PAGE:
The Sydney Morning Herald’s inaugural The Munchies 2012 Awards — launched this week — bestowed on Momofuku Seiobo one of three prizes for The Restaurant-You-Can’t-Ever-Get-Into. I can see why.

I’m now gearing up for Saturday’s lunch at Momofuku Seiobo with great anticipation. It just took an officious online reservation system — and, I’m sure, some Momofuku marketing nous — to make me change my tune.



Filed under Chefs, Food Issues, Reflections

9 responses to “Why playing hard to get works for David Chang

  1. Eha

    Methinks I could have cooked you some delicious Roman pasta and salad, and, perchance some asparagus to start: no ridiculous bookings, no looking at watches to leave, no wild prices to pay and sitting under my Moreton Fig sipping wine [Oh, would have hoped for a bottle of lovely dry white from you – Mudgee perhaps 😉 !] Hmm: OK, I am curious: hope there will be a followup AFTER the blessed lunch!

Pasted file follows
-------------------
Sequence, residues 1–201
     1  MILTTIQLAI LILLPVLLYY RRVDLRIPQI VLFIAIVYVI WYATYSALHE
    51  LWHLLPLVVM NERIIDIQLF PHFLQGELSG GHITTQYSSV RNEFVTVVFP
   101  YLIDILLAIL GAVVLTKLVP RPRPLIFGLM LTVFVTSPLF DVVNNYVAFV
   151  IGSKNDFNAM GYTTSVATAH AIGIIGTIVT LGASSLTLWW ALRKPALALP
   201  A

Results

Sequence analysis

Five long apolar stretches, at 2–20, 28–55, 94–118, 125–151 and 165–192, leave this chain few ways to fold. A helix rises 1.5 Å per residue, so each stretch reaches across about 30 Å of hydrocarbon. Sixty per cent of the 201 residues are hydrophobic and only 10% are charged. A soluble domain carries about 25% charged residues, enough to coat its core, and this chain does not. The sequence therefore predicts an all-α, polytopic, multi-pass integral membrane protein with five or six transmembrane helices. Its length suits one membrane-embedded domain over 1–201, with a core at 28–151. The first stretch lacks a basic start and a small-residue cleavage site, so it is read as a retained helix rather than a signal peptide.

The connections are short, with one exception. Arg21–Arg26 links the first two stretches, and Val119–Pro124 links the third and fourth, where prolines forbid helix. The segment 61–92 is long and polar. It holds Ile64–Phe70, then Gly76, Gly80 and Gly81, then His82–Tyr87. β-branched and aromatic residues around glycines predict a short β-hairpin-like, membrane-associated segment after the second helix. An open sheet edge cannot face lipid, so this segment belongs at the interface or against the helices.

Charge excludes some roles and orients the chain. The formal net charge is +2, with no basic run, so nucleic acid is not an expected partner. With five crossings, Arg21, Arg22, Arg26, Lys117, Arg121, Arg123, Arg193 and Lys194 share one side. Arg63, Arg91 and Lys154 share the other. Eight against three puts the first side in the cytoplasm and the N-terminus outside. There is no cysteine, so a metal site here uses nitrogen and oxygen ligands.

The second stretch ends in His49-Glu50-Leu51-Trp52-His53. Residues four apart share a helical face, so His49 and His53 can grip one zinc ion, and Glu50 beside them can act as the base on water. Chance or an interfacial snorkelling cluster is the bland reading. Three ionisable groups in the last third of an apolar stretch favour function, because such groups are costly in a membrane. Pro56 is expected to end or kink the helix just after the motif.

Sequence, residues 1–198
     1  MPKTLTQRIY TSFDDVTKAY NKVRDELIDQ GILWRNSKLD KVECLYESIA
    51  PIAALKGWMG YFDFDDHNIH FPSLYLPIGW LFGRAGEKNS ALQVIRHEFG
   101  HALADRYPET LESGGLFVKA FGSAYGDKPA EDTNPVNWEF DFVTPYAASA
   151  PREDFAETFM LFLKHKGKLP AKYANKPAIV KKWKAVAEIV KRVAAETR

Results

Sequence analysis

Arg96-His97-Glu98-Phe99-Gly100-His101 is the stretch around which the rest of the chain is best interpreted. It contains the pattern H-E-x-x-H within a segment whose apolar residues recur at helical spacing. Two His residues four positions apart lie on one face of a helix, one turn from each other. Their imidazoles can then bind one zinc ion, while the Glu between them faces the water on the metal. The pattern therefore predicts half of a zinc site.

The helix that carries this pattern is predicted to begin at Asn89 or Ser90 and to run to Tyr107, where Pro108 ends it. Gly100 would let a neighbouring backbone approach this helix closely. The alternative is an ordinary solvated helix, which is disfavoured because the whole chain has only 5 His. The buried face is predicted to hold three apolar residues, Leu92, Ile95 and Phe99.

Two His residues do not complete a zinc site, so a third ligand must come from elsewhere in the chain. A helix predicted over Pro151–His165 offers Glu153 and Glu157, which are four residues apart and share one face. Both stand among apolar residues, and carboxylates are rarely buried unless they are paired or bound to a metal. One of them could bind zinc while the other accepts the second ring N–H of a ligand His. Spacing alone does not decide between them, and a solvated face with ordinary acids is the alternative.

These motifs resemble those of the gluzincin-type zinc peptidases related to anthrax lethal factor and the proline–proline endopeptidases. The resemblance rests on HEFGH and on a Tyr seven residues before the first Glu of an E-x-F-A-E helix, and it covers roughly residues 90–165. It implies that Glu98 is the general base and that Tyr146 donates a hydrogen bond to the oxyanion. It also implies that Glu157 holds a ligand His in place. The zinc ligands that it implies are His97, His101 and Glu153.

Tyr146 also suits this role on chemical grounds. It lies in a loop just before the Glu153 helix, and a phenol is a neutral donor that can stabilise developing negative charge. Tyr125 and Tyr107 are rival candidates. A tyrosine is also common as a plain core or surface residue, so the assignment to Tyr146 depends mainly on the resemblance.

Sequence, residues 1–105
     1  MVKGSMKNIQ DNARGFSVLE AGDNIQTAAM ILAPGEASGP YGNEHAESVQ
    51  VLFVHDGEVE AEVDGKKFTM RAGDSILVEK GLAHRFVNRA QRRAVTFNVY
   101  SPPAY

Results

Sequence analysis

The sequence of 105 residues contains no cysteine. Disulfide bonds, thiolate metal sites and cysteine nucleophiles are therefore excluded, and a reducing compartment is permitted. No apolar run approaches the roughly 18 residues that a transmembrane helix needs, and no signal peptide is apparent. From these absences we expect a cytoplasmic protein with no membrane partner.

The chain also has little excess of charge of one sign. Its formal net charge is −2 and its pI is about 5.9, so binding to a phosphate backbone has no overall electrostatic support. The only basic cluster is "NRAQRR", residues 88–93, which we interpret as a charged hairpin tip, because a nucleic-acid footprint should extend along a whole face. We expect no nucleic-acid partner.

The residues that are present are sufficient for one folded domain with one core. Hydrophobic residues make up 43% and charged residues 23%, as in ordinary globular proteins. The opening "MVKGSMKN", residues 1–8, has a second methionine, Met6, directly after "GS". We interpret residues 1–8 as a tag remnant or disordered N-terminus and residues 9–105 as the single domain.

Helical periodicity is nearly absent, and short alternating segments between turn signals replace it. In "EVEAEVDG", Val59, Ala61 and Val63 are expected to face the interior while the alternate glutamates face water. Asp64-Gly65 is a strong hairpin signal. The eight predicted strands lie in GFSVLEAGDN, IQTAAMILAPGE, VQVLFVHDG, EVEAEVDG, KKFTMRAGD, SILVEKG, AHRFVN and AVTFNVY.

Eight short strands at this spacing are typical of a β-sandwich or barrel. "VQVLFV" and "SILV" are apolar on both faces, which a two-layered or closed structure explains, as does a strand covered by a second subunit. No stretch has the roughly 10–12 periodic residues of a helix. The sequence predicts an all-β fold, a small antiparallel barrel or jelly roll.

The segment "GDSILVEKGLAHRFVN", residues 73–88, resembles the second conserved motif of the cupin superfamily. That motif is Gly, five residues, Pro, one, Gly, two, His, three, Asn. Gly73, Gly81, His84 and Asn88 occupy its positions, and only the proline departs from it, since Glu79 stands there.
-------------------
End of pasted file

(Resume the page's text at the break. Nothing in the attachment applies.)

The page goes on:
2. Reb

    Well Rachel you are more persistent than I am. I have been completely turned off by the complicated reservation system so will experience it vicariously trough your description. Life’s too short to spend that much time just getting the booking, just like I won’t queue at a restaurant that doesn’t let me book in advance. Will it be worth it? I’ll look forward to your thoughts.


  3. It’s funny I have that same click-to-win impulse when it comes to ebay and grays online. Just one more bid… one more try. Thank heavens I haven’t tried to book at Momofuku – it would have left me slightly distraught. You did well, enjoy it and lucky boy.


  4. what a saga! i would have given up … then again, i appreciate how such a process can make one obsessed with the hunt! hope the lunch is wonderful after all that.
    have a lovely christmas and see you in the new year XX


  5. It was a bit of the saga – and i missed out some elements of it (like the number of times i went in to the system to book, forgetting that it didn’t open until 10am). I hope the lunch is wonderful, too. Hope you have a great festive season. I look forward to reading more of your posts in the New Year.


  6. So after all of that pfaff, how was lunch??

    I went through something similar trying to book dinner at Babbo’s in New York. I wonder if they use a similar book system? In the end, it was just impossible and we ended up going to a different Mario Batali restaurant.